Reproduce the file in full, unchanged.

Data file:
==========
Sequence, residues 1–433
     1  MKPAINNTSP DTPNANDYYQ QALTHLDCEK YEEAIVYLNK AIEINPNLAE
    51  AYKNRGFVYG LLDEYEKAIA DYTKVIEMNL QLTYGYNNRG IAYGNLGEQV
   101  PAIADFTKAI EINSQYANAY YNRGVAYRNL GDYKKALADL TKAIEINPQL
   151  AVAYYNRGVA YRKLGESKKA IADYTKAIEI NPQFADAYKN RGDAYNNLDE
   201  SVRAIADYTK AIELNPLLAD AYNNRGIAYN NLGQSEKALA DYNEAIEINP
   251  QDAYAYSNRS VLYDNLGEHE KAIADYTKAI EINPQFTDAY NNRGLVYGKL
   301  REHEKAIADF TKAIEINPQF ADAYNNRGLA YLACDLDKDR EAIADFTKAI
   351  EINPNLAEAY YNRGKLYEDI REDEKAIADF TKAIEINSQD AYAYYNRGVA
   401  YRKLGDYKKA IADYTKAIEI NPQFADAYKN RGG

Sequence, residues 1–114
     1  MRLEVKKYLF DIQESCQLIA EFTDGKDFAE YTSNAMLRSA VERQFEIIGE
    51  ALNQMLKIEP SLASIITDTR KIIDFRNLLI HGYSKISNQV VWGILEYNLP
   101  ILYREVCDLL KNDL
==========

Sequence, residues 1–433
     1  MKPAINNTSP DTPNANDYYQ QALTHLDCEK YEEAIVYLNK AIEINPNLAE
    51  AYKNRGFVYG LLDEYEKAIA DYTKVIEMNL QLTYGYNNRG IAYGNLGEQV
   101  PAIADFTKAI EINSQYANAY YNRGVAYRNL GDYKKALADL TKAIEINPQL
   151  AVAYYNRGVA YRKLGESKKA IADYTKAIEI NPQFADAYKN RGDAYNNLDE
   201  SVRAIADYTK AIELNPLLAD AYNNRGIAYN NLGQSEKALA DYNEAIEINP
   251  QDAYAYSNRS VLYDNLGEHE KAIADYTKAI EINPQFTDAY NNRGLVYGKL
   301  REHEKAIADF TKAIEINPQF ADAYNNRGLA YLACDLDKDR EAIADFTKAI
   351  EINPNLAEAY YNRGKLYEDI REDEKAIADF TKAIEINSQD AYAYYNRGVA
   401  YRKLGDYKKA IADYTKAIEI NPQFADAYKN RGG

Sequence, residues 1–114
     1  MRLEVKKYLF DIQESCQLIA EFTDGKDFAE YTSNAMLRSA VERQFEIIGE
    51  ALNQMLKIEP SLASIITDTR KIIDFRNLLI HGYSKISNQV VWGILEYNLP
   101  ILYREVCDLL KNDL